Sunday, March 28, 2010

Doing a world of good in the inner city

A lot of times, I seem like a pretty critical guy--especially when it comes to the Oklahoma City Urban Renewal Authority, the Downtown Design Review Committee, the Central Oklahoma Transit & Parking Authority, the Mayor's office especially, and virtually everyone that's not the Chamber of Commerce. But here's the reality guys: OCURA, DDR, and COTPA are all doing an alright job. They deserve to be questioned, and hopefully all the constructive criticism I endlessly lavish on them can help them raise the bar. Here's some examples of each agency doing a world of good in the inner city.

Starting with OCURA. OCURA has kind of become the whipping boy for crappy development on this blog, and the scapegoat that I like to blame everything on. That's not fair to them, and to paint an accurate reflection of the complete picture, I want to write about something REALLY, REALLY GOOD that OCURA has done, and that is where they have made a world of good in the inner NE side of OKC with the redevelopment of the JFK area. I sort of assume that this is one of the reasons why the new Douglass High School has been infinitely more successful than the new John Marshall High School gang-central, and the brand new U.S. Grant High School which is so gang-infested that OCPS decided last week to just close down. Douglass has shown how a high school and a neighborhood redevelopment project can go hand in hand and raise an entire community to a new level.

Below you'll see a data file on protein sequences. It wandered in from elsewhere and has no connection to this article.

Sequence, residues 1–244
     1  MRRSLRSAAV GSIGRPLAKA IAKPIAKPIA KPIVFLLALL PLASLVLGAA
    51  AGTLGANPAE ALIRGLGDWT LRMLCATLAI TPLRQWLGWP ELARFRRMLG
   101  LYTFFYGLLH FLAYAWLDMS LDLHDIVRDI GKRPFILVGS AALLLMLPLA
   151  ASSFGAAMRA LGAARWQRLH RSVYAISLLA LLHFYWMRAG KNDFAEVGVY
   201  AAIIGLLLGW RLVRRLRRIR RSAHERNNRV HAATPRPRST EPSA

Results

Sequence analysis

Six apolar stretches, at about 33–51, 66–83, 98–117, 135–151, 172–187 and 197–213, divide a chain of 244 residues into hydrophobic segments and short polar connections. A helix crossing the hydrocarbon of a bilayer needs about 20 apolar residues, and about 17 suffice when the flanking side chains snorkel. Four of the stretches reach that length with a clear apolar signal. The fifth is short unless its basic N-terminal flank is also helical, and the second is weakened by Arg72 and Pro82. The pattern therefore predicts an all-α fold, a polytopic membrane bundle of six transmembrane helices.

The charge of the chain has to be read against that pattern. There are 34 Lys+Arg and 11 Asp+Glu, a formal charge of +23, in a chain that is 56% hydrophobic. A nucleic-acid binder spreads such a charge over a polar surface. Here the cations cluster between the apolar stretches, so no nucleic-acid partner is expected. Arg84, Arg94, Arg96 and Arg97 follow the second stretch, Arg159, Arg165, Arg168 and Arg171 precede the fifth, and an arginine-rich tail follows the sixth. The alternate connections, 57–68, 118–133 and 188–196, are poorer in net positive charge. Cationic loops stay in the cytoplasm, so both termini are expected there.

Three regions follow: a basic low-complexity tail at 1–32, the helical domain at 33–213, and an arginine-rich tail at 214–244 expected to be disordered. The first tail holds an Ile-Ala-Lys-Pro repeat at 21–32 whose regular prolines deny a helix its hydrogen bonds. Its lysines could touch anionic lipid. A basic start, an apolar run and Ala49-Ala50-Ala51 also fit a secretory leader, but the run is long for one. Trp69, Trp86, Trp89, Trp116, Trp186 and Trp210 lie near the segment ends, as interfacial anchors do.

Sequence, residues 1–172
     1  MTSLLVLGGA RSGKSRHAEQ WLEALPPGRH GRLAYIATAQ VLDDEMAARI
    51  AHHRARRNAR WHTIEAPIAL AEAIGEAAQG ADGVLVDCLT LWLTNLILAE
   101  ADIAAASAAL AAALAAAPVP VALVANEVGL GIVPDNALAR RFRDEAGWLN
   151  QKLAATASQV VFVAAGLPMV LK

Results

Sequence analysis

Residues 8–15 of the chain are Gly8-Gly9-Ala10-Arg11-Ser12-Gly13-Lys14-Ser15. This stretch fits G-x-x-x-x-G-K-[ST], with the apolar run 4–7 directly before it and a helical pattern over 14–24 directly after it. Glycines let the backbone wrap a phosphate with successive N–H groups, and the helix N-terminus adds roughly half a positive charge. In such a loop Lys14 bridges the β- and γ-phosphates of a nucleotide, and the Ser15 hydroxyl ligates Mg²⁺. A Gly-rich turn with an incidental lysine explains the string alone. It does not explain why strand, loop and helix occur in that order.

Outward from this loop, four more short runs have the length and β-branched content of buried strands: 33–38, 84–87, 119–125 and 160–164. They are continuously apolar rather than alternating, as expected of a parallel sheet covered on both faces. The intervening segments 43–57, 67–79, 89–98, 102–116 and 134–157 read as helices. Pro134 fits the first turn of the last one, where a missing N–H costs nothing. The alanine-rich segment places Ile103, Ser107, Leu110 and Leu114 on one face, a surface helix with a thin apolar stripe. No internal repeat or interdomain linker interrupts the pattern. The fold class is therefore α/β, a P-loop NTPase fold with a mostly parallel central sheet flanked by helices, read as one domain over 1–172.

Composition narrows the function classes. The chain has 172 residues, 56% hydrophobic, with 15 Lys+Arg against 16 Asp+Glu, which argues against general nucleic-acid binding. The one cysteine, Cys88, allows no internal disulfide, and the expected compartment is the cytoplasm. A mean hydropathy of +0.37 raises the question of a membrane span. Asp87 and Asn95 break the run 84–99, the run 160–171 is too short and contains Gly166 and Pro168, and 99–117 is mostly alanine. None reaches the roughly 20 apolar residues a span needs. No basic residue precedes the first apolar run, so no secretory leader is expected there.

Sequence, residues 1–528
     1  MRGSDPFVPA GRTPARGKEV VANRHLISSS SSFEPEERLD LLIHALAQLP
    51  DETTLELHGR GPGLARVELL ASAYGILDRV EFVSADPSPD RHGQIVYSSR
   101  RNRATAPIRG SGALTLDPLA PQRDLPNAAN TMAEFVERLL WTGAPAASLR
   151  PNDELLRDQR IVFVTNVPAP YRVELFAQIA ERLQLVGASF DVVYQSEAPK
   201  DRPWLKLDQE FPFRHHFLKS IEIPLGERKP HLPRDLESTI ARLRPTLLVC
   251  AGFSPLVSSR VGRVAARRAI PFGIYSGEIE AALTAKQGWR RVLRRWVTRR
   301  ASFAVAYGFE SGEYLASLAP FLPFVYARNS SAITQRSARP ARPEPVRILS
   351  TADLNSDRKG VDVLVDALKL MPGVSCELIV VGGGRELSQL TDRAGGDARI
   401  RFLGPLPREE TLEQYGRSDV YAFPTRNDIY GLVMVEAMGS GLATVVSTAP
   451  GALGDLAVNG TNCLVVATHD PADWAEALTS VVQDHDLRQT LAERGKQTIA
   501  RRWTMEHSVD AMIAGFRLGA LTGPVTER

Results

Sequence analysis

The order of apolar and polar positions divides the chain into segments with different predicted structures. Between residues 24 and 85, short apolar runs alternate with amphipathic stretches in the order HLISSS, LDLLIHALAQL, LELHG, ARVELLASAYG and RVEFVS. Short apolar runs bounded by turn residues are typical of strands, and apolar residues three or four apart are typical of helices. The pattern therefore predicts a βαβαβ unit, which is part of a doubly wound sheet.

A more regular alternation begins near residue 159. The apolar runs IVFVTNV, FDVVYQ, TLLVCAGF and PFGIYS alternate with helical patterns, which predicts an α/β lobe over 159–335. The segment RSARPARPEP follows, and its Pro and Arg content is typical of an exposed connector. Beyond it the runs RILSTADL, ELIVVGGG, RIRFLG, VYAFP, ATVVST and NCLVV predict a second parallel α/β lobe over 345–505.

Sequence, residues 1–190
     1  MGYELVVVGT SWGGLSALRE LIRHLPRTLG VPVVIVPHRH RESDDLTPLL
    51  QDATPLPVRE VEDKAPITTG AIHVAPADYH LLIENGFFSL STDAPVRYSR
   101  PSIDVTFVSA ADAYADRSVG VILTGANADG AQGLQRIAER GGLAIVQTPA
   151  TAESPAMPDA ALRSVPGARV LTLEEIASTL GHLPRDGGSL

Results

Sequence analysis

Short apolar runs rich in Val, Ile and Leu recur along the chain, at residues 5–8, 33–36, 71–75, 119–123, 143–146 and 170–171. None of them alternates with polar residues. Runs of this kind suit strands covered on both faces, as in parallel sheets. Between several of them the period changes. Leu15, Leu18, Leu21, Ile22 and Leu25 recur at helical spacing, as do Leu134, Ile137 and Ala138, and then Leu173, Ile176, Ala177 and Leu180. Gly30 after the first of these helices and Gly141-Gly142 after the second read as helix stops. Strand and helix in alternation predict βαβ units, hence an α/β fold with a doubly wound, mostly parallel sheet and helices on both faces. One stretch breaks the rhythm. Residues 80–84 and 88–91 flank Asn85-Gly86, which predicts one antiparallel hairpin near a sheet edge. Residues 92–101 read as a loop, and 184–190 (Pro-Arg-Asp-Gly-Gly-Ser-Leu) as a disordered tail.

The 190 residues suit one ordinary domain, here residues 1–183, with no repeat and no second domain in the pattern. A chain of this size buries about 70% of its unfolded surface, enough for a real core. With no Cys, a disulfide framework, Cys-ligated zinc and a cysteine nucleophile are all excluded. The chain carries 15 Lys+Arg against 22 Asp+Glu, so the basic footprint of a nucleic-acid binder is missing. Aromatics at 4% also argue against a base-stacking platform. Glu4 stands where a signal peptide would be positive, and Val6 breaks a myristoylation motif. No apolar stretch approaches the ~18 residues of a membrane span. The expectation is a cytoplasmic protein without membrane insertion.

The JFK redevelopment project is a huge city area bounded by M.L.K. Ave. to Stonewall Ave, and NE Fourth St to NE Eighth St. Since 2003 the neighborhood, in the heart of a blighted ghetto area with some of the city's highest crime rates, has seen more than 100 new homes built since 2003. 20 years ago the entire area was leveled, and now OCURA is hoping to gain some neighborhood retail that people can walk to along the east end of the neighborhood. OCURA started out in the right direction by marketing the land to spec builders and giving them the land practically for free, but things really took off when they did the unconventional, and let single home buyers (rather than developers) purchase plots and build their own dream homes on the site--including that of Oklahoma Highway Patrolman Wayne Linzy, who has become a community pillar along with his big, oversized 3-car garage house. Word of mouth in the community among friends, family, and church members has turned the redevelopment project in Oklahoma City's African American community into OCURA's best mixed-use redevelopment project. Right now OCURA has agreements with builders to develop 39 more new homes in the next year. The new homes in JFK range in price from $100,000 to over $300,000, and the lower-end houses offer more value than homes in Moore or Edmond due to tax credits the builders have utilized.